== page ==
FORT LAUDERDALE, Fla. – Florida researchers may be closer to figuring out the mysterious origin of an old canoe that surfaced after Hurricane Irma.
Using a technique known as radiocarbon dating, archaeologists recently determined the wood used to create the vessel could date to the 1600s.
“A find like this is always exciting, especially when it represents something completely unlike the types of canoes previously discovered,” said Paul N. Backhouse, director of the Ah-Tah-Thi-Ki Museum at the Big Cypress Seminole Indian Reservation, and Tribal Historic Preservation Office.
The canoe likely “had quite a biography during its life span,” he said.
A photographer scouting for damage after Irma made the discovery in the city of Cocoa, about 35 miles east of Orlando, near the Kennedy Space Center.
Randy “Shots” Lathrop said he snapped a photo of the vessel with his phone and texted it to his friend, an underwater archaeologist, to make sure he found something of value.
On Thursday, state officials loaded it onto a truck, “tucked it in” safely and took it to Tallahassee. Officials are beginning a process to make sure the canoe doesn’t deteriorate before it is memorialized in a museum.
State officials said radiocarbon dating showed there’s a 50 percent chance that the wood used to make the canoe dates to the 1600s. Meanwhile, the paint and wire nails found on it might indicate that the canoe itself wasn’t built — and used — until the 1800s or 1900s.
There’s a smaller chance the canoe dates between 1760 to 1818.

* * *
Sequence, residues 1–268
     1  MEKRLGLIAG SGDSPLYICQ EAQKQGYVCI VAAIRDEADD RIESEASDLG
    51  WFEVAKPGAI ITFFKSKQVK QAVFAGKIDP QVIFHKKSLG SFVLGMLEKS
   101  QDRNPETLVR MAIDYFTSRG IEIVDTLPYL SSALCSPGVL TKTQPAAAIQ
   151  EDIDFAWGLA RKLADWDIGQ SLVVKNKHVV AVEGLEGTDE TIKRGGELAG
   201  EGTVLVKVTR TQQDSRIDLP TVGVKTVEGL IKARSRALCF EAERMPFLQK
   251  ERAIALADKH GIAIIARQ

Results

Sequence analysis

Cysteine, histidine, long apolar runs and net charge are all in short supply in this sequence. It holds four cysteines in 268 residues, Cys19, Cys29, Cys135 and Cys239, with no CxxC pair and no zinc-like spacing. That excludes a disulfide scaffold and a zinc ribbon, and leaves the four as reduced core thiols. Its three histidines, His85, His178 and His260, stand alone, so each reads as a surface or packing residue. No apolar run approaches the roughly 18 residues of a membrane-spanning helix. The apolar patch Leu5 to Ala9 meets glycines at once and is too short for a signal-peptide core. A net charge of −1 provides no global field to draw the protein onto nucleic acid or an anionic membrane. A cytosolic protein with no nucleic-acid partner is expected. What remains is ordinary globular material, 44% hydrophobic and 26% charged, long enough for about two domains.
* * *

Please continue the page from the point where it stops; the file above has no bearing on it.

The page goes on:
“The mystery is still not solved. It’s only starting,” Lathrop said. “I’d certainly like to learn more about it.”
The canoe certainly has caught the attention of the Seminole Tribe of Florida, Backhouse said. “The dating, construction and other details of the canoe are unusual and intriguing,” said Backhouse.
Sarah Revell, spokeswoman for the Florida Department of State, won’t yet guess where it came from.
“Until we do a more thorough analysis of the construction techniques and consult with the Seminole tribe and other tribes, we can’t be sure at this time if the canoe was associated with any particular tribe,” she said.
Revell said the canoe is destined for a museum — eventually.
“It could take a year or longer to complete the preservation process,” she said.
Though such canoes are considered rare, they have been found across the state through the decades.
“Florida has the highest concentration of dugout canoes in the world,” Revell said. “We have more than 400 documented dugout canoes in our state. Each canoe is important in that it adds to our database and helps fill out the picture of how people used these canoes over thousands of years.”
Lathrop said he is thrilled he was part of it all. “I’m glad we could save it,” he said.